Seventy-five years after FDR’s Japanese internment order, Trump prepares mass immigrant roundup

japanese-americans

20 February 2017

On February 19, 1942, President Franklin Delano Roosevelt issued Executive Order 9066 mandating the indefinite detention of all persons of Japanese descent living on the US mainland for the duration of the war with Japan. In the weeks that followed, the government removed over 120,000 Japanese-Americans from their homes, including 70,000 US citizens, and detained them for three to four years in a network of remote prison camps.

For decades, even mainstream bourgeois commentators viewed the Japanese internment as a humiliating scar on American history. Tom C. Clark, who defended the relocation program as a Department of Justice lawyer before joining the Supreme Court, wrote later that the internment program was “deplorable” and illegal. The Supreme Court’s 1944 ruling in Korematsu v. US  upholding the program is broadly viewed by legal scholars as part of the “anti-canon” of unconstitutional rulings.

Seventy-five years later, the Trump administration has ordered the rounding up of hundreds of thousands if not millions of migrants and the construction of a new network of prisons to house them.

Two memos signed by Department of Homeland Security (DHS) Secretary John Kelly on February 17 and made public on the anniversary of Executive Order 9066 lay out a drastic expansion of deportation and detention of immigrants in the US.

Under the DHS memos, migrants captured without being admitted into the US by a border official face immediate removal with virtually no due process rights. Many thousands of people will now be subject to “expedited removal proceedings” in which they lose the right to appear before a judge.

The government is expanding the list of immigrants who are priorities for removal to include up to two million people, and the administration is claiming the power to remove or imprison undocumented parents who pay to help their children cross the border to join them in the United States.

The memos also mandate an expanded network of internment facilities to house those slated to be deported. They direct Customs and Border Patrol (CPB) and Immigration and Customs Enforcement (ICE) to “take all necessary action and allocate all available resources to expand their detention capabilities and capacities at or near the border with Mexico to the greatest extent possible.”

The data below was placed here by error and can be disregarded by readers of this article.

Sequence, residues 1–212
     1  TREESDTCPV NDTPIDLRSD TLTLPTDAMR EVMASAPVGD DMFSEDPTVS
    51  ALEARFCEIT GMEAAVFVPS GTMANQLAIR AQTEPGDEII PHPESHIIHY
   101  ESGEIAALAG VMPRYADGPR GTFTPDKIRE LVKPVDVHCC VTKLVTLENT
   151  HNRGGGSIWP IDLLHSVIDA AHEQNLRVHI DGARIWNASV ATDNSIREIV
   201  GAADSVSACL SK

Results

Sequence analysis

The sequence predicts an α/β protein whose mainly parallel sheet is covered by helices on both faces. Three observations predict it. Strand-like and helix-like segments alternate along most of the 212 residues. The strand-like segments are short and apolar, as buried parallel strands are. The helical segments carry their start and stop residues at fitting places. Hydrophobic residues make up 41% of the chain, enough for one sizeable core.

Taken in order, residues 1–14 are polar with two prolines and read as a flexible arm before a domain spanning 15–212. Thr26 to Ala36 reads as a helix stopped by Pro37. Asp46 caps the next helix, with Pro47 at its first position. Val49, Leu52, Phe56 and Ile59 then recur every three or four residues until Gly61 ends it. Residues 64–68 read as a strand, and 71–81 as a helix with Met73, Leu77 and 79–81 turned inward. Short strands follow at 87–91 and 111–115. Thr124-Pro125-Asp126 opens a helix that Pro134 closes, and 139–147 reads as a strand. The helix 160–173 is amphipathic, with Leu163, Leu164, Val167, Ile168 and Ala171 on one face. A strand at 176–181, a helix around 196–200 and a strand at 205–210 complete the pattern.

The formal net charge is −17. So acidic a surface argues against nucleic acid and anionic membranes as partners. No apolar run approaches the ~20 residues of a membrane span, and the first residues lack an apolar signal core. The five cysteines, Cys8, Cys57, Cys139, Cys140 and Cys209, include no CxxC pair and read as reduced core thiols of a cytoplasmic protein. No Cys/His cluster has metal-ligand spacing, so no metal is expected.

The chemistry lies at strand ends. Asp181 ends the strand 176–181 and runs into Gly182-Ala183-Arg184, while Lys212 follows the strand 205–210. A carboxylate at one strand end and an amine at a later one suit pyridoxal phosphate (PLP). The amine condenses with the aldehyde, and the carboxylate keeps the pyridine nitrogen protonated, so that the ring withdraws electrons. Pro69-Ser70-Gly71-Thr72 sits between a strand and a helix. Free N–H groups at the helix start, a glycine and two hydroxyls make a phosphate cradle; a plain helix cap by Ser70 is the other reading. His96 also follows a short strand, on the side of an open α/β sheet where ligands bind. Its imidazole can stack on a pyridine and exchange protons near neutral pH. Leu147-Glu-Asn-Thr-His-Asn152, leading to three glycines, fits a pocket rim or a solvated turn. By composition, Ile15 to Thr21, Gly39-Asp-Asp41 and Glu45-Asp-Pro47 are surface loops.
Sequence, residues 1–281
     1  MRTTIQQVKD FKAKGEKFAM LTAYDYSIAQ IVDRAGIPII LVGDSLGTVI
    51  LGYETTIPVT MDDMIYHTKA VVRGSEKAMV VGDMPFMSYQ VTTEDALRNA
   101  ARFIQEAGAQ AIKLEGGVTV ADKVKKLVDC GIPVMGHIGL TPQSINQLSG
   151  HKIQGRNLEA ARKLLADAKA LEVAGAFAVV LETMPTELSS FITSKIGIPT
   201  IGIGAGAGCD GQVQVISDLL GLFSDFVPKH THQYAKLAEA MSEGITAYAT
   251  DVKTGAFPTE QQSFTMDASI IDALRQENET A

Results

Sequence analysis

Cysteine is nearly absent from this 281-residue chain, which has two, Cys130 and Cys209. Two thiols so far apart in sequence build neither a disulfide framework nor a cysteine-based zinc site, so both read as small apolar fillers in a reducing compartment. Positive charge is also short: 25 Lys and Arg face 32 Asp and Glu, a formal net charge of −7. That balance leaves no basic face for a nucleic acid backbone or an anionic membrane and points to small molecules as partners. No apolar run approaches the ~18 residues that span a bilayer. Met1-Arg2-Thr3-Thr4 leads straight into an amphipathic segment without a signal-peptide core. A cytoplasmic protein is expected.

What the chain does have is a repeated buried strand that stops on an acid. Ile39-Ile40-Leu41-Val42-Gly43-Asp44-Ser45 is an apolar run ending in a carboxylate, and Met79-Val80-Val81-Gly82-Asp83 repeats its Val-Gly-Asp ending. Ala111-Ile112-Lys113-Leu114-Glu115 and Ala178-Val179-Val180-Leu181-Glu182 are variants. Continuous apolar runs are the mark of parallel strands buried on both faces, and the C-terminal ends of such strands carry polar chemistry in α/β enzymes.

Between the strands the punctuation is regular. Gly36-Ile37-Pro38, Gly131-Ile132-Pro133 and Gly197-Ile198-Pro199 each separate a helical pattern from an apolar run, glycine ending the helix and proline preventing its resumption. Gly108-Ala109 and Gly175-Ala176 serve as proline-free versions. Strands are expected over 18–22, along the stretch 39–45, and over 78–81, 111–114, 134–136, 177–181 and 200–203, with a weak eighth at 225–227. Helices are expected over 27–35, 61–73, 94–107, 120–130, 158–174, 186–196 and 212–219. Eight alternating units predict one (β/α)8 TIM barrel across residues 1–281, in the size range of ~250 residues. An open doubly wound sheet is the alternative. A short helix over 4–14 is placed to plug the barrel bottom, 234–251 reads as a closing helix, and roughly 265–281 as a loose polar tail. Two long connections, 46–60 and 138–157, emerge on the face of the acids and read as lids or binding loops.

As well as measures for building a border wall, hiring more ICE officials and deputizing local police, the memos establish procedures for publishing the names and criminal records of immigrants released by state and local officials despite a removal or deportation order. DHS hopes to whip up a fascistic tough-on-crime hysteria against immigrants and local governments that refuse or fail to hand them over to federal authorities for deportation. This recalls the tactics of the Nazi press, which published photographs of Jewish people alongside a list of crimes they allegedly committed.

Trump’s plan to establish a network of internment camps has been prepared by both the Democratic and Republican parties, which have jointly cultivated a climate of nationalism and anti-immigrant xenophobia to advance their policies of war and social counterrevolution.

The attack on immigrants in the US takes place in the context of a global wave of xenophobia. Across the world, the ruling classes are seeking to whip up nationalist sentiment in order to scapegoat migrants for the social disaster caused by capitalism. In Europe, the promotion of anti-immigrant chauvinism recalls the 1930s and the lead-up to the bloodbath of World War II.

Anti-immigrant hysteria has long been a key part of the American ruling class’s efforts to advance its imperialist strategy and suppress opposition to war. Within weeks of the US entry into World War I, the Democratic Wilson administration advanced a series of anti-immigrant and anti-socialist measures—the Sedition, Espionage, and Immigration Acts of 1917—that were used to label socialism a “foreign idea” and arrest and deport hundreds of left-wing radicals and socialists in the Palmer Raids of 1919–20.

The Roosevelt administration justified the internment of Japanese-Americans by citing the Alien Registration Act, known as the Smith Act, which criminalized attempts to expose the class character of the imperialist war. In 1941, Roosevelt prosecuted the Trotskyist movement under this act, jailing 18 members of the Socialist Workers Party on the charge of “sedition.” Roosevelt issued Executive Order 9066 with the claim that “the successful prosecution of the war requires every possible protection against espionage and against sabotage to national defense.”